Ritter, Tex

Ritter, Tex

(Woodward Maurice Ritter), 1905–74, American country singer, b. Murvaul, Tex. He moved (1930) to New York, where he performed in musicals and on the radio. Settling (1936) in California, he became one of Hollywood's best-known singing cowboys, starring in more than 70 low-budget Westerns in the late 1930s and the 1940s. He began recording albums in 1942, started to perform on television in the early 1950s, and, coming to Nashville in 1965, made regular appearances on the Grand Ole Opry. Among Ritter's best-known songs are the Oscar-winning theme for the movie High Noon (1952) and "Hillbilly Heaven" (1961). A key figure in the creation of the Country Music Hall of Fame, he was inducted into it in 1964.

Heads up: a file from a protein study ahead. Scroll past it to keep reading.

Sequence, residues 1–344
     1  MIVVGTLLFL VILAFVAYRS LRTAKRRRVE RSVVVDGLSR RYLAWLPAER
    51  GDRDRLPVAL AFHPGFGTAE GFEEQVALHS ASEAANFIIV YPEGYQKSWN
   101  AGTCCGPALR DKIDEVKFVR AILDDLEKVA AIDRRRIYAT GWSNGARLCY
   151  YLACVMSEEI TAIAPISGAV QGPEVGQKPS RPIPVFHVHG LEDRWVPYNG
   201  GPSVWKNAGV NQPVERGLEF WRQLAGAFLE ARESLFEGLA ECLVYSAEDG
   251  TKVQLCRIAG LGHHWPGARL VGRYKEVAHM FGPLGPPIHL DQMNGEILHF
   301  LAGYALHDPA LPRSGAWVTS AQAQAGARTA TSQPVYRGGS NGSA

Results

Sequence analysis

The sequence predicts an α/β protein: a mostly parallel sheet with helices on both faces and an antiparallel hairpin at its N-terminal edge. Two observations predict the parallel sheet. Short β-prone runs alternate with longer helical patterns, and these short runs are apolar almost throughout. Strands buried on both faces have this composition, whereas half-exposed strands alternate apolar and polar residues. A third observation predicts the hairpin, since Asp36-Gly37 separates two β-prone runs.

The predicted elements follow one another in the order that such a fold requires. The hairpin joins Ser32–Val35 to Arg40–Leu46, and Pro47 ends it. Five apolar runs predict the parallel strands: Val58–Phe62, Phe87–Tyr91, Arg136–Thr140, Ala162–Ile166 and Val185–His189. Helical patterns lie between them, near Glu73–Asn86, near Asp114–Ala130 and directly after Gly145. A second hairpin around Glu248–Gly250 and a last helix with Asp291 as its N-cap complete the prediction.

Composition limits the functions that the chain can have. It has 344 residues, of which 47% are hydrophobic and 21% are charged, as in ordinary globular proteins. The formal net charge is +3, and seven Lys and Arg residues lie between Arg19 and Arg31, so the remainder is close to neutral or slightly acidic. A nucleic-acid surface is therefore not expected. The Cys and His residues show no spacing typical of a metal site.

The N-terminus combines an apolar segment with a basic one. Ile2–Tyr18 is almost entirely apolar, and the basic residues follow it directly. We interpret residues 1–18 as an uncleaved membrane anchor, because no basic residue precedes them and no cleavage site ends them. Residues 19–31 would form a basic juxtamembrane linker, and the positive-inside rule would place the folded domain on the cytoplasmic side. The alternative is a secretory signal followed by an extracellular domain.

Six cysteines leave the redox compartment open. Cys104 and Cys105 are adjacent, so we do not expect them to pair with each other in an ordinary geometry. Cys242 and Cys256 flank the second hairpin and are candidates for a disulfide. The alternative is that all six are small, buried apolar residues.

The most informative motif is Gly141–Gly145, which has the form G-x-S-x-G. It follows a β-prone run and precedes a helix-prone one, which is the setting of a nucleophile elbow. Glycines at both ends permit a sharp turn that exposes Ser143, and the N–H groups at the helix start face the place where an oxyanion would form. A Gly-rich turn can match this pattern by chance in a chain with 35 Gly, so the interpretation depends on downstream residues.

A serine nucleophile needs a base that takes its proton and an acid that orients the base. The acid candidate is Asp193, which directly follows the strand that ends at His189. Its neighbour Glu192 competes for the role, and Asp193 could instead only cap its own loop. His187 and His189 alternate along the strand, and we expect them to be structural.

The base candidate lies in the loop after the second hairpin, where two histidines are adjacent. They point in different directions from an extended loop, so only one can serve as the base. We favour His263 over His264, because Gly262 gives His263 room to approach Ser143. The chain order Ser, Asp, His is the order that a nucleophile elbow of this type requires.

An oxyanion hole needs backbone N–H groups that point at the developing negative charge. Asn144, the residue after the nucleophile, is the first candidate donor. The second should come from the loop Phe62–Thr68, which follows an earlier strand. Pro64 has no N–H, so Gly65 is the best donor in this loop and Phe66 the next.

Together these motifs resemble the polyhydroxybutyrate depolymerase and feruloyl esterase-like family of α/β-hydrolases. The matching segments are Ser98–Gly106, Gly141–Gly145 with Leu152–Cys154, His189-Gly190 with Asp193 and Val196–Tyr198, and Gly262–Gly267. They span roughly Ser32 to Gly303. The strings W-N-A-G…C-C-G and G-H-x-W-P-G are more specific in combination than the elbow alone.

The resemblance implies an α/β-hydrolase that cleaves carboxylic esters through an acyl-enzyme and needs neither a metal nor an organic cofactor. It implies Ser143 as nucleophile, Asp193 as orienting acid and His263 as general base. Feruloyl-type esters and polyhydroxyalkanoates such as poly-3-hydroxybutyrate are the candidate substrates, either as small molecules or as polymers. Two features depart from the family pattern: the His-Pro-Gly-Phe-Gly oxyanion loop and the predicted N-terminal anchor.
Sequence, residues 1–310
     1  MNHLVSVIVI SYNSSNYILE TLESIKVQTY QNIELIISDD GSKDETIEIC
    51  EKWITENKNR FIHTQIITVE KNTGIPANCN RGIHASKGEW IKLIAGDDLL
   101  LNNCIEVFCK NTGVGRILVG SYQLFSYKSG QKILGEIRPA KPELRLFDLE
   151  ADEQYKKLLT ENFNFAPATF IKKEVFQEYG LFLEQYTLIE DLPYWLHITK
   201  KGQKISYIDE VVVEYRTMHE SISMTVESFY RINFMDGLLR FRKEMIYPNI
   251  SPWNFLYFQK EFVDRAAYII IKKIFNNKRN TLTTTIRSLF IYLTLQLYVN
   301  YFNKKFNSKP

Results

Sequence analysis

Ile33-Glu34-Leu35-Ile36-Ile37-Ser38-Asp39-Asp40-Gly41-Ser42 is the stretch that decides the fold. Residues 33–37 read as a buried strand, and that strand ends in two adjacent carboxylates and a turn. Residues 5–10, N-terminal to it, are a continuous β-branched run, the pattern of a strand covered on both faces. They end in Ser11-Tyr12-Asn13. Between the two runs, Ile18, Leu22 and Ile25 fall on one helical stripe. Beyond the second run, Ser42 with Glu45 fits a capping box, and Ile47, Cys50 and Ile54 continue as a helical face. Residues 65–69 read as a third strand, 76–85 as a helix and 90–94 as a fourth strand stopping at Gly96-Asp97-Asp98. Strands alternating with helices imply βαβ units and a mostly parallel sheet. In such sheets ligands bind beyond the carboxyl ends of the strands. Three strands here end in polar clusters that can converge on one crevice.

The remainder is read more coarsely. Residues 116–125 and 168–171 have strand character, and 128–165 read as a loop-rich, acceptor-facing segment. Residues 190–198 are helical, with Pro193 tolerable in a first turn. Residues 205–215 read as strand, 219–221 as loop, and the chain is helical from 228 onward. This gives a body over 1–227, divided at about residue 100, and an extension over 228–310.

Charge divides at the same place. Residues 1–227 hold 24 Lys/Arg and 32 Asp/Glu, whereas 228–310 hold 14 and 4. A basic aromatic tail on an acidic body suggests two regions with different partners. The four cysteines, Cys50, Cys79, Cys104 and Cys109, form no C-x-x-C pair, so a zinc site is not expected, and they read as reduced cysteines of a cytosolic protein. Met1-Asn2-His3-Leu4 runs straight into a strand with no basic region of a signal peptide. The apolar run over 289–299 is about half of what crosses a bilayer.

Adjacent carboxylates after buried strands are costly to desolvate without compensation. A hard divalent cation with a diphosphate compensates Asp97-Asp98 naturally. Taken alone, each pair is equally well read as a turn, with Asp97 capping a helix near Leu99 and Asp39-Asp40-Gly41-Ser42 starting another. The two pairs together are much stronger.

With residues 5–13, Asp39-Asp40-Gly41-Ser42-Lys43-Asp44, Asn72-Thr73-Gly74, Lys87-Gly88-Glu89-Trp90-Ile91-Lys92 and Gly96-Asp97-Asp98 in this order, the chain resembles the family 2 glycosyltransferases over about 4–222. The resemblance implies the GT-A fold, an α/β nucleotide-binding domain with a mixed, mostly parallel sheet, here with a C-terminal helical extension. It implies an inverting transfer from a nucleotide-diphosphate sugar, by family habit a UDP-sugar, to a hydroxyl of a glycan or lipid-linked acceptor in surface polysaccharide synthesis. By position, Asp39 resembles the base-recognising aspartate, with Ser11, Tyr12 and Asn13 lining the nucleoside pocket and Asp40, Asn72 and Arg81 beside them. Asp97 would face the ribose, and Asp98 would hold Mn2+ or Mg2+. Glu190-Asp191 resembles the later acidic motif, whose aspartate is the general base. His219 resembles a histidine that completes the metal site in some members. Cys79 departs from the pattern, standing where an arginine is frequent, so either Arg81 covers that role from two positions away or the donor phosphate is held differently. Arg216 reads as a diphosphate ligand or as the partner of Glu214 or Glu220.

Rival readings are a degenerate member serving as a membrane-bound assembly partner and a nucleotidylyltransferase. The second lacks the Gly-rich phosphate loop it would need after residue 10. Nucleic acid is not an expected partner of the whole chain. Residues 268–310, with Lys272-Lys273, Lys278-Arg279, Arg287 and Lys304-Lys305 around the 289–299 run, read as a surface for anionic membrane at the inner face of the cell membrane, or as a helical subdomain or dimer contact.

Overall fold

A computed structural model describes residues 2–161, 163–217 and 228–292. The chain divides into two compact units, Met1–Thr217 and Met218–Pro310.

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Ritter, (Woodward Maurice) Tex

(1905–74) country music singer and songwriter; born in Murvaul, Texas (father of John Ritter). While studying at the University of Texas he became interested in cowboy songs and folklore; he started law school at Northwestern University but left to take up a career as a folksinger. By 1930 he had his first role on Broadway; in 1936 he made his first movie; during the 1930s he appeared in more Broadway musicals and began to record cowboy songs. From 1936 to 1945 he appeared in 60 Hollywood Westerns as a singing cowboy, becoming known as "America's Most Beloved Cowboy." As his film popularity declined, he toured in live shows with his horse, White Flash, and continued his recording career; his several hit singles included the title song for the movie High Noon (1952); in the 1950s he hosted a radio dance show. He moved to Nashville to join the "Grand Ole Opry" in 1965. In 1970 he was unsuccessful in his bid for the Republican nomination for U.S. senator from Tennessee.
The Cambridge Dictionary of American Biography, by John S. Bowman. Copyright © Cambridge University Press 1995. Reproduced with permission.